In addition to what has been already mentioned in connection with Task 1, significant progress could be achieved in terms of code developments. Details can be found below.
The coding of TDDFT in the computer code ABINIT has been improved by the Louvain group. In particular, the TDDFT part of ABINIT is now parallelized. Recent developments are ground-state calculations based on the ACFD formalism and GW respectively. For the latter a collaboration with L. Reining (Nanophase network) has been started. The realization of a computer code based on the linear-response Sham-Schlüter equation is presently being examined.
Between June 2003 and now, there have been two releases of ABINIT; see the release notes at
A variety of new features have been implemented to the OCTOPUS code (partly in cooperation with the group of Angel Rubio in San Sebastian: They include parser improvements, a single precision version, support for FFTW3 and support for NetCDF output to OpenDX, an openDX program to plot wavefunctions, densities, and potentials; new mixing schemes: GRPulay, potential mixing; incipient support for Optimum Control, a small tutorial, triple excitation spectrum, dicroism, incipient support for full OEP, preconditioned Lanczos to solve the eigenvalue problem, semicode HGH pseudopotentials, noncollinear spin using the GGAs, new propagator methods: Lanzos, Suzuki-Trotter, Magnus integrators, spin-orbit corrections, working ELF function, improvements to the manual; octopus runs in 1, 2 and 3D. There have been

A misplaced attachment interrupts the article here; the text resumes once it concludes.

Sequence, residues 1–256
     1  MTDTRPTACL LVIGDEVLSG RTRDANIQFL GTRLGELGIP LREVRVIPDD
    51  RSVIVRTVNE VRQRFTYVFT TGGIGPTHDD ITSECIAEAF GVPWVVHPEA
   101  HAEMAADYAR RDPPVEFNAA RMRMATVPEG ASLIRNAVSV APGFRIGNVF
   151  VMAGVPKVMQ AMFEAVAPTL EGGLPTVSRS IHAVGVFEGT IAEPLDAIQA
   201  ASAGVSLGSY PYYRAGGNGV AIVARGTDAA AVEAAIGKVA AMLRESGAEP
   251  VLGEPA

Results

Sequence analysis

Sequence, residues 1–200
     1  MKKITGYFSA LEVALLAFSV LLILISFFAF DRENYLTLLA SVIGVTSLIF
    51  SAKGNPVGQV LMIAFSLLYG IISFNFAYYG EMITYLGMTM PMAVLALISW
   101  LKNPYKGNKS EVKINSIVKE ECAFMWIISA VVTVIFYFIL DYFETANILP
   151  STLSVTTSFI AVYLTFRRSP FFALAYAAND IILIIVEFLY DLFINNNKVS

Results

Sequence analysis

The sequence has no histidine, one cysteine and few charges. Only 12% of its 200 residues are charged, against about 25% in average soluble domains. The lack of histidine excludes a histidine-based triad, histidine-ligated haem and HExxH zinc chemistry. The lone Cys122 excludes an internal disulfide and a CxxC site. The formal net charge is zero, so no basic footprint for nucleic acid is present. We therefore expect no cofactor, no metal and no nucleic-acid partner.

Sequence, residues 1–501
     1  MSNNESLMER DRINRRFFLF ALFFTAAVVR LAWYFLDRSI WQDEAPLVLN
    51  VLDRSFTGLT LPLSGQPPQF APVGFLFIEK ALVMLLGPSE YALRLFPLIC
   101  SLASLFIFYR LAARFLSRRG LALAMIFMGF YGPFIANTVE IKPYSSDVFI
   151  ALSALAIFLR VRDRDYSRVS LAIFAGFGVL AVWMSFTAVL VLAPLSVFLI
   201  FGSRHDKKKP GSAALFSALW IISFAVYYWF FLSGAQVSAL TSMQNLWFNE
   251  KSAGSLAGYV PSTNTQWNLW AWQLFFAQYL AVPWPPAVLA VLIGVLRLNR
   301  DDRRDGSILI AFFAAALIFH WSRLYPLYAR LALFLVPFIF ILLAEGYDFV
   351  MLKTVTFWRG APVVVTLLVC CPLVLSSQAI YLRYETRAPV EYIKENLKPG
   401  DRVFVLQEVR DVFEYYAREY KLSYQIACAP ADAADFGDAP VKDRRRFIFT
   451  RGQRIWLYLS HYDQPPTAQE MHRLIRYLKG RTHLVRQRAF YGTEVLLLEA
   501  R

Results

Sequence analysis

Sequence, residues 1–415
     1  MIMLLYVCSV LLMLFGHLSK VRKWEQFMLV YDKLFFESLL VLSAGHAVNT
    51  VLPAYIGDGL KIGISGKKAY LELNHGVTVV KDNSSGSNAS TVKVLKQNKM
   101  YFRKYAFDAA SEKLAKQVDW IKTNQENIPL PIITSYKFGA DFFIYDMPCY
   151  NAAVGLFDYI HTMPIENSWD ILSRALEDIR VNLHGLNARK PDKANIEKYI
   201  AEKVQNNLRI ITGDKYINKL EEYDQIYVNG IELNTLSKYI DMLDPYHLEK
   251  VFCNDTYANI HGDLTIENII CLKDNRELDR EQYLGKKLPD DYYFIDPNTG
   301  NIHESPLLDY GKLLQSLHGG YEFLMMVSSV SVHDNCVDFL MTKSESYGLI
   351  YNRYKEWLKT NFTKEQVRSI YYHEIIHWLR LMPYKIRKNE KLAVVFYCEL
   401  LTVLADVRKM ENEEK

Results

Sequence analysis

The GW part of ABINIT is now more general, in that it is able to treat non-symmorphic symmetry operations. The Modena group has implemented the GW approach in reciprocal space into their computer code based on a plane-wave basis set. The algorithms employed are also applicable to the general-purpose code that is a final goal of the network. A substantial part of the GW implementation in the framework of the LAPW method has been done in Graz. Hot electron lifetimes in metals have been calculated by the GW-LAPW approach (see Milestone 3) [G5]. Concerning the calculation of the band gap corrections (collaboration with Nanophase) the main part of the programming has already been carried out. Code development of GW for nano-particles in a real space approach has been done in Kaiserslautern.
The implementation of the BSE formalism for the LAPW method (Milestone 4) based on the WIEN2k codem, was carried out in Graz [P. Puschnig and C. Ambrosch-Draxl, Phys. Rev. B 66, 165105 (2002)] and applied to different organic materials [P. Puschnig and C. Ambrosch-Draxl, Phys. Rev. Lett., 89, 056405 (2002), G7]. In addition to the planned work, the Aarhus node got involved in this Milestone. R. Laskowski extended the existing version to work also for materials without inversion symmetry. Moreover, he made the code more efficient leading to a speed-up of a factor 3-5 depending on the material under investigation. This Milestone is thus fulfilled prior to the schedule.
The new scheme developed with the aim to calculate excitonic effects in nanotubes, has been realized in a new computer code which has been applied so far to a (4,2) carbon nanotube: the binding energy of the lowest optically active states turned out to be sizeable (approximately 0.8eV), where the corresponding exciton wavefunctions are delocalized along the circumference of the tube and localized in the direction of the tube axis [M16].